What’s the role of data scientists on online advertising?
12 Nov, 2013
By Tony Evans, Corporate Development Director at Crimtan.
Nick just joined our advertising company as a data scientist. In fact, he’s one of the 50% of staff who are data scientists. But what’s happened to the chain-smoking, Martini-swilling folk we see in Mad Men, who used to be the driving force behind advertising? Data – and it has completely changed the way that the online advertising industry works.
In a digital environment like online advertising, data has always been used to measure simple things like clicks and conversions and, more recently, to deliver more relevant ads to web users. But technology such as real time bidding and advertising exchanges that allow new ways to buy and sell advertising has catapulted data science to the forefront of ‘must-have’ skills in the industry.
Agencies and traditional ad networks suddenly found themselves having to train planners, buyers and sales staff about complex new technologies. But more than that, everyone needed to recruit mathematicians and data analysts and, almost overnight, agency recruitment companies flocked to universities in search of numerate graduates.
The industry has been revolutionised. Besides an increase in whiteboards and shorter lunch breaks, almost everyone spends more time working with Excel spreadsheets and online data dashboards – and those at the data deep end have had to get to get to grips with new analytics software like Hadoop.
While access to vastly more user data has given many agencies a boost, many still lack the skills, resources and technology to use campaign data to its potential, especially in their battle to compete with the likes of Google and Facebook. Instead they have turned to technology companies to deliver the specialist, data-driven campaigns and insights that many advertisers now insist upon.
But what does this mean for advertisers? The most significant change is that it has democratised online advertising; businesses of all sizes can use new technology and get hold of valuable campaign data – and this can all take place with their marketing budget going much further. Display advertising is now a realistic prospect for many businesses that were wholly reliant on search.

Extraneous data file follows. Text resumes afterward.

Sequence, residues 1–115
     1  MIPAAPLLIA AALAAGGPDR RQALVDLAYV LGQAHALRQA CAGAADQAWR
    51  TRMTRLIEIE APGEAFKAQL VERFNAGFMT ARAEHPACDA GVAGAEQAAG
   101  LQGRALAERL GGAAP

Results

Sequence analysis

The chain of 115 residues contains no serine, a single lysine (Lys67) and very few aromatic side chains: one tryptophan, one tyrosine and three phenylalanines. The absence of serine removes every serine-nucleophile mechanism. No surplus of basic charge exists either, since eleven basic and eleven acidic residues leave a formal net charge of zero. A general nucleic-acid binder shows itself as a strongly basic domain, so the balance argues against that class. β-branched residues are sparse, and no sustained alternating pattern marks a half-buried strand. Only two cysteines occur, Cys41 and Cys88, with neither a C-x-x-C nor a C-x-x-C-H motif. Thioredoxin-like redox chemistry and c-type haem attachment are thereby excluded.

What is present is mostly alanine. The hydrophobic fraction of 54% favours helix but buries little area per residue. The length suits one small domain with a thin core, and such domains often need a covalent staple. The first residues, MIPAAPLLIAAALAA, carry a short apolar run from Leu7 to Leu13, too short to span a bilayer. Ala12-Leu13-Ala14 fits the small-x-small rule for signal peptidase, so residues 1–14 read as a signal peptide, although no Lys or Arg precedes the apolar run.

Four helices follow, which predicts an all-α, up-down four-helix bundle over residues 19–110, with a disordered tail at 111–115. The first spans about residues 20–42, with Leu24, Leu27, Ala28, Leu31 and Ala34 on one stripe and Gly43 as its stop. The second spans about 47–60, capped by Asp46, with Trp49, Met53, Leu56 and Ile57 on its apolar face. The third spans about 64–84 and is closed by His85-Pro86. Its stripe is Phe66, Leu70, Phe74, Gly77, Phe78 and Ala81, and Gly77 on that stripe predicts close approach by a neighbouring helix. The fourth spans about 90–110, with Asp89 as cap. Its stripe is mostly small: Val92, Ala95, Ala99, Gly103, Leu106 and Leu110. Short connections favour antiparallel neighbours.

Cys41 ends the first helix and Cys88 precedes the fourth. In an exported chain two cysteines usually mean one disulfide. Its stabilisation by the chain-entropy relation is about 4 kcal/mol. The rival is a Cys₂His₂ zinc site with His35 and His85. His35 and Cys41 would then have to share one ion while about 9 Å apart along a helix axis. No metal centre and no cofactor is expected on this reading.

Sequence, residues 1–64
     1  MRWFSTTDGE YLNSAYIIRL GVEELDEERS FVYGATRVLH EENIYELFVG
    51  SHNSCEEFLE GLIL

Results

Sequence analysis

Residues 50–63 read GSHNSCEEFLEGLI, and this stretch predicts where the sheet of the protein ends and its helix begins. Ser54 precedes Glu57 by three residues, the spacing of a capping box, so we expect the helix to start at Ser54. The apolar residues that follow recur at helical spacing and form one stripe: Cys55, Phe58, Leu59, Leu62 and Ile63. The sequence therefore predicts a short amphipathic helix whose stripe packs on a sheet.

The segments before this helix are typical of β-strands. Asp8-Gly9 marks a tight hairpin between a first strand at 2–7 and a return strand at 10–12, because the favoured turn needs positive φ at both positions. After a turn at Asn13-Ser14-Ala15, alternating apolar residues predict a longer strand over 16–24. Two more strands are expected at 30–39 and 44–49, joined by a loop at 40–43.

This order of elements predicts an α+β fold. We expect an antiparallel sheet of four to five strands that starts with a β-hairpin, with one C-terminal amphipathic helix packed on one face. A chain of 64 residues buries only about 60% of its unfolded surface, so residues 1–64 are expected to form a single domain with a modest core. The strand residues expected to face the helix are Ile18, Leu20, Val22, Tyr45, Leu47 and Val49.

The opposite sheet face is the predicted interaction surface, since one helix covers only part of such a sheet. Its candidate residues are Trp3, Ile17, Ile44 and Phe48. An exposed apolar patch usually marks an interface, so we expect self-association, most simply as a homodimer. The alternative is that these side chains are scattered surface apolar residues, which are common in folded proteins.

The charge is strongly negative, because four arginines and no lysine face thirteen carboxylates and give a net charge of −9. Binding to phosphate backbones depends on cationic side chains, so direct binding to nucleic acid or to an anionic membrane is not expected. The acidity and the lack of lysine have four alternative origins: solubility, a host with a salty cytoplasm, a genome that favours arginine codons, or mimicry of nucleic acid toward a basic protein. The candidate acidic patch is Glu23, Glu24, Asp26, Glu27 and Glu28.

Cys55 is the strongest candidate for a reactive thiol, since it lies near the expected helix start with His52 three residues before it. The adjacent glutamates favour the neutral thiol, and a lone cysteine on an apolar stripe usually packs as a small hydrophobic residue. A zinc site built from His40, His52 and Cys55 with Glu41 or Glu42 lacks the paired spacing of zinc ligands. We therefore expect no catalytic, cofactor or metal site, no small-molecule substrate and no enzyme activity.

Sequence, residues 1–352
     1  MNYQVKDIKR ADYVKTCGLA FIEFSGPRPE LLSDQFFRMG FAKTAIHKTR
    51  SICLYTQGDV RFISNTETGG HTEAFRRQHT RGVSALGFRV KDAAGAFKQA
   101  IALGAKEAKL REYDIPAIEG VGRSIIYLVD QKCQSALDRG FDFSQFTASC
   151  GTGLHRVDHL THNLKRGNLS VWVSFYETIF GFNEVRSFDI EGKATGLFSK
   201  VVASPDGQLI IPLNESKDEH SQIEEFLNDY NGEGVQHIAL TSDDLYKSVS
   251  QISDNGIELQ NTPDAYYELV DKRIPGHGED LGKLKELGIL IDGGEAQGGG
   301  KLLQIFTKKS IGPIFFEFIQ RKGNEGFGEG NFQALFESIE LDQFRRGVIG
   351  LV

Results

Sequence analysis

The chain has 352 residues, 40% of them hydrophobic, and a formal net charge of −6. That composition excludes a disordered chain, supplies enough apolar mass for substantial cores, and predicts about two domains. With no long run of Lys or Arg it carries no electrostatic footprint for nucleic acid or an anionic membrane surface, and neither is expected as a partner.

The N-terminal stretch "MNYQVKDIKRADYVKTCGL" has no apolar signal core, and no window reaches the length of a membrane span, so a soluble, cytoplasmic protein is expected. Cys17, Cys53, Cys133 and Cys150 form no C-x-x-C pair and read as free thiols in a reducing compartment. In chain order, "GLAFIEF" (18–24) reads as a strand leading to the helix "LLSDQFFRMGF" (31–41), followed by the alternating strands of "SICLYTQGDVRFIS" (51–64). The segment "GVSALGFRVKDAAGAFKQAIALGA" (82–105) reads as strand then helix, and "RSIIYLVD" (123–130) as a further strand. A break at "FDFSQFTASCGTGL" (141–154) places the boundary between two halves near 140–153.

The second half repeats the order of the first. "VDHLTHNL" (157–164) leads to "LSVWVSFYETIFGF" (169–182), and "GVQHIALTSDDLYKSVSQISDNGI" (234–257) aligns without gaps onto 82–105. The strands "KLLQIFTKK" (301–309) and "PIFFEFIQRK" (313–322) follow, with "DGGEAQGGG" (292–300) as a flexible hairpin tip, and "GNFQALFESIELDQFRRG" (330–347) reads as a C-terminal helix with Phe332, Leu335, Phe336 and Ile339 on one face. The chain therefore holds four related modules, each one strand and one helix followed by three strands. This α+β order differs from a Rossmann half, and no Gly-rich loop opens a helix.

Online cookies allow advertisers to improve advertising efficiency. Sadly, they don’t look like this. Photograph: Getty Images
Retargeting techniques (displaying adverts to visitors after they have left your site) have also become cost effective as site visitors can be bought one at a time when they visit other sites – online cookies also lead to the content of the advert being relevant to users’ interests.
Advertisers can also use a technique called ‘lookalike targeting’ to target customers with attributes similar to existing online visitors – and this, in turn, improves advertising efficiency. Data scientists identify visitor attributes – such as interests, location and demographics – before then delivering adverts to other web users with similar attributes. Branding campaigns also benefit, avoiding inappropriate site content and ensuring that adverts appear in the area of the screen visible before you scroll down.
Data now allows advertisers to see exactly what data variables – from individual web sites, content type, user interests and, amongst others, location – are most effective. By establishing what works best, this data can be applied intelligently – and in real-time – to deliver adverts only to those web users most likely to respond positively to specific messages.
But advertising agencies still need humans to interpret the data and place it in the context of the bigger picture. For example, a campaign might be performing exceptionally well in a particular region, but could this be because you just got some great local PR? What data science does best is to give more control back to advertisers – it gives them the information they need to make intelligent decision about where and how to spend their marketing budget most effectively.
This article appeared in The Guardian.